The University of Manchester is at the forefront of a national drive to transform the teaching of computing in schools.
In 2012, the University’s Professor Steve Furber chaired a Royal Society project which published a report that recommended a move from teaching IT to teaching Computer Science in schools. These changes were immediately enacted by the Government, resulting in an urgent need for training of teachers in secondary education - and Manchester has been at the forefront of this from the outset. The model adopted is of regional centres that support ‘Master Teachers’, who then guide other teachers in the region.
Manchester’s Dr David Rydeheard led the challenge of helping schools to teach the new curriculum. As a result, The University’s School of Computer Science is now the North West Regional Centre for Computing At School. Over £200k of funding from the Department for Education pays for three staff members who have school-teaching experience and are managing the outreach to schools in the region.
The Centre is supporting teachers to become Master Teachers, and there are now 50 in the North West. It is now working with over 2000 teachers in schools to develop exciting Computer Science teaching in primary schools, secondary schools and colleges. This involves around 80 students trained in outreach running one‐off events, through to full‐year engagement with schools and final-year projects developing teaching resources for use in secondary schools.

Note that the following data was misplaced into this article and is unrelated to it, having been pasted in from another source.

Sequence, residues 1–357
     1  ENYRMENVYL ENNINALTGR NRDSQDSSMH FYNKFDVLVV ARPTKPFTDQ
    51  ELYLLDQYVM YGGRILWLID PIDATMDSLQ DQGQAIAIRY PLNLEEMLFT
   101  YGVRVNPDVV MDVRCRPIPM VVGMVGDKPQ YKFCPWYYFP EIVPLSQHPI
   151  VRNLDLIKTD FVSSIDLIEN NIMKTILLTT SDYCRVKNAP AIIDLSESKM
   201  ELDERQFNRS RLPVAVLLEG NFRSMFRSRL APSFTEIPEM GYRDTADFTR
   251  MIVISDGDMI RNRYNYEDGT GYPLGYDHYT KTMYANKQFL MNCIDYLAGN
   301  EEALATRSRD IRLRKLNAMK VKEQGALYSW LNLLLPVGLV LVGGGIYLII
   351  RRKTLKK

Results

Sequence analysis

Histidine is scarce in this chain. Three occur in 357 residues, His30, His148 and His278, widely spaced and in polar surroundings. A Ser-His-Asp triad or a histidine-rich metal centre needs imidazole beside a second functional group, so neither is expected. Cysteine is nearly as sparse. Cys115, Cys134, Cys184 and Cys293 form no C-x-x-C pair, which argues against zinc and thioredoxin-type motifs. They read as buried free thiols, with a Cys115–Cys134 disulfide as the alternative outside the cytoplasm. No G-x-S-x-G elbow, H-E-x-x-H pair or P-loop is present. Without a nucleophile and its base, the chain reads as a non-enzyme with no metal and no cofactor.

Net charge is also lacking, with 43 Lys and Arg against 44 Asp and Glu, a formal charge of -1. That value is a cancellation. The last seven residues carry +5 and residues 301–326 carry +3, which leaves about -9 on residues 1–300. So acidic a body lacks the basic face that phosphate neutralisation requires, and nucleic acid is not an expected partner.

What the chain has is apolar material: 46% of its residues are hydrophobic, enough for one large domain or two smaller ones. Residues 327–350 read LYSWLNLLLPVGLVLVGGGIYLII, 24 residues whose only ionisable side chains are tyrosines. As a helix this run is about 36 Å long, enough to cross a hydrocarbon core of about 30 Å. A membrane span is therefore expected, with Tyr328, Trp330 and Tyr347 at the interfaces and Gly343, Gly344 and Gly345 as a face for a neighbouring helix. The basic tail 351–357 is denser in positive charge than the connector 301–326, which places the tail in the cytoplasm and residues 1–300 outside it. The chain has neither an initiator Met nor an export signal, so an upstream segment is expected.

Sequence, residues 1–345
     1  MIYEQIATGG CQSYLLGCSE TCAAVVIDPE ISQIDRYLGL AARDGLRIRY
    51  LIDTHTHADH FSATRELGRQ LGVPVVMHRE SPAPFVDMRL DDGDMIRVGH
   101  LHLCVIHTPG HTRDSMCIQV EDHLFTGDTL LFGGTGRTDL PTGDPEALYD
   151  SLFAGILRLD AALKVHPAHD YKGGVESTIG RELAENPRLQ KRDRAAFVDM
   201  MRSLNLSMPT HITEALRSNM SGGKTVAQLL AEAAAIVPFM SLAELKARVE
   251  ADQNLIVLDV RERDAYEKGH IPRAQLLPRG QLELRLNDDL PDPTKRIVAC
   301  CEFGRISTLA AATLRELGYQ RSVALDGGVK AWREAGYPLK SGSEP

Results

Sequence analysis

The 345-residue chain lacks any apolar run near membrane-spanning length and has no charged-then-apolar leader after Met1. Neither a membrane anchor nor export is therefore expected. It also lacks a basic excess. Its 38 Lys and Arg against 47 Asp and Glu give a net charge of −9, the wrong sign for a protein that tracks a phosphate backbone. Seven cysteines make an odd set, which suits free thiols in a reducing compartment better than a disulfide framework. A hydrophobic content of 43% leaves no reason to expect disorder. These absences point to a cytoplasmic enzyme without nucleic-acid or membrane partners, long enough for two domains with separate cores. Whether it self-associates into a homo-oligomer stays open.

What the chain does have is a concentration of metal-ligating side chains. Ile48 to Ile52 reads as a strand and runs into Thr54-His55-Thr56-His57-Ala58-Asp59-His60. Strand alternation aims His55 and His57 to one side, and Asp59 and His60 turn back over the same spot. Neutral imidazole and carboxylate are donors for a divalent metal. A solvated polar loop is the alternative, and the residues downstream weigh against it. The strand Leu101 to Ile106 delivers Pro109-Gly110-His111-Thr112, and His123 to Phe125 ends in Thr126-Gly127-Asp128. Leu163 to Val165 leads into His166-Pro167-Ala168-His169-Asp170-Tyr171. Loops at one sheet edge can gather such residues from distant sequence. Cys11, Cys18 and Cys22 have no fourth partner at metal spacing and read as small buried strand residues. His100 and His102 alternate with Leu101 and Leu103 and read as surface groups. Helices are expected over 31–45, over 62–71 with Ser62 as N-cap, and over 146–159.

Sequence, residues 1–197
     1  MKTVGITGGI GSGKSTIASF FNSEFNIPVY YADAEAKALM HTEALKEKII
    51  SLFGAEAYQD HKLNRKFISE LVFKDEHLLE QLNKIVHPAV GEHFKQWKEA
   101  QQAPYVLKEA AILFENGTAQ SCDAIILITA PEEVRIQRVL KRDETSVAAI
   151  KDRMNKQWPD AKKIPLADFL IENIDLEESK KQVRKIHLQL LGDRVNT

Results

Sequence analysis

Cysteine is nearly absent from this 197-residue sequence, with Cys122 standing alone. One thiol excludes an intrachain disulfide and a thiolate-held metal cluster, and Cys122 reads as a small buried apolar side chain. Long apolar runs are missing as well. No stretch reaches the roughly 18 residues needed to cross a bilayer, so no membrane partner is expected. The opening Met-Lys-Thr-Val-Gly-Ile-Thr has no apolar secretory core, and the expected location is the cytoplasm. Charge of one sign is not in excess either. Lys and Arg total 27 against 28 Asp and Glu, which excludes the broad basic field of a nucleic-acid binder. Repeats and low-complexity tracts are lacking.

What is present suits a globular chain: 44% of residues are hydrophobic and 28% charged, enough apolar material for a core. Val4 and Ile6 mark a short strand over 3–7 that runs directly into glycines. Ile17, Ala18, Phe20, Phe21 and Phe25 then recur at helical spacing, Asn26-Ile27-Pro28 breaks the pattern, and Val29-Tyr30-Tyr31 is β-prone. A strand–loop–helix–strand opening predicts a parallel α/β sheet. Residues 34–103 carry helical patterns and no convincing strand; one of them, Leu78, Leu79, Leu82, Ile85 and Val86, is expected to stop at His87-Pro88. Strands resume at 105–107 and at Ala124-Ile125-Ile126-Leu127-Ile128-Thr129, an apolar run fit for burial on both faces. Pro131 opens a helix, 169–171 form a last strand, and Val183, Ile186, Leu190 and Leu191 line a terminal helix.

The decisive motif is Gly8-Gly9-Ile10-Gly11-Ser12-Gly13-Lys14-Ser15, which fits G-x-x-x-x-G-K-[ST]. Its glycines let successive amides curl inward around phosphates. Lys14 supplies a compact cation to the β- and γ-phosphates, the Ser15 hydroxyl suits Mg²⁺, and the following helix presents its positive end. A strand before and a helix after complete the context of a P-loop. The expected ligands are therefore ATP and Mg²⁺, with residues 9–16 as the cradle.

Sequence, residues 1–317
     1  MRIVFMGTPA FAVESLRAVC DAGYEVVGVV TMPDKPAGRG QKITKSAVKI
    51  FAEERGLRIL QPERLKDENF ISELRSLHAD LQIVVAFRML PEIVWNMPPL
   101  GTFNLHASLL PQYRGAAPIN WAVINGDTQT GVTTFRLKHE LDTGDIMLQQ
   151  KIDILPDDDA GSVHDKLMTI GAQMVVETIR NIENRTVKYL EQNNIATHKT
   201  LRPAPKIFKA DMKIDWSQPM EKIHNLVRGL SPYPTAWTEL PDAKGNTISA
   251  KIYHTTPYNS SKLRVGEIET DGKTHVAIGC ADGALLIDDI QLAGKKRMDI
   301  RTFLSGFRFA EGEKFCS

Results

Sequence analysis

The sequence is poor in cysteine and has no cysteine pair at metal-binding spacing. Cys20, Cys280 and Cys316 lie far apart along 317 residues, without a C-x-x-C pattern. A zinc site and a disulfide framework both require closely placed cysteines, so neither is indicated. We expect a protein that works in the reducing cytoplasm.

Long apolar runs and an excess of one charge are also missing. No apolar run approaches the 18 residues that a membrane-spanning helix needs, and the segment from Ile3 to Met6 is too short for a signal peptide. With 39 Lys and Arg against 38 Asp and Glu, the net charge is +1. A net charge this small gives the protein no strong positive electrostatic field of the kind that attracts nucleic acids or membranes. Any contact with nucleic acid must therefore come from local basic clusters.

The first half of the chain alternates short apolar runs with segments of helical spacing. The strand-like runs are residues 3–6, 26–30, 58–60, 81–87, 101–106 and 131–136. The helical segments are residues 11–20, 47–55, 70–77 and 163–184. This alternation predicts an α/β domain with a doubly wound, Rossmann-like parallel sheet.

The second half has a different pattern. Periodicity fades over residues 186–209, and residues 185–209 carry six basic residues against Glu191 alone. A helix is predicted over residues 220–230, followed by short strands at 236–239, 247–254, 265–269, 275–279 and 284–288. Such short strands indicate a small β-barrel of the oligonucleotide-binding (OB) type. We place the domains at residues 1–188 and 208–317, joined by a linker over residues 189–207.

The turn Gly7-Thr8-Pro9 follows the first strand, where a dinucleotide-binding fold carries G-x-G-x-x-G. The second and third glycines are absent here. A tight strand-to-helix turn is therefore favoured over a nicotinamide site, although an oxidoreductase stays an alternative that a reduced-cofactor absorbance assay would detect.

The Centre provides training events for teachers throughout the school year, as well as exciting activities for schoolchildren to help them to appreciate the science and creativity inherent in the subject. This outreach activity has engaged the enthusiasm of students at The University of Manchester, has supported the region’s primary and secondary schools to rise to the major challenge of teaching new programmes, and has created a close relationship between the University and schools across the North West.
“Universities are well placed to support schools in their need to upgrade the teaching of computing, and The University of Manchester has led the way in this, both nationally and in our own region. These are exciting times for computing education, with many new ways of teaching the subject, especially using new technologies such as robots, drones and virtual reality.”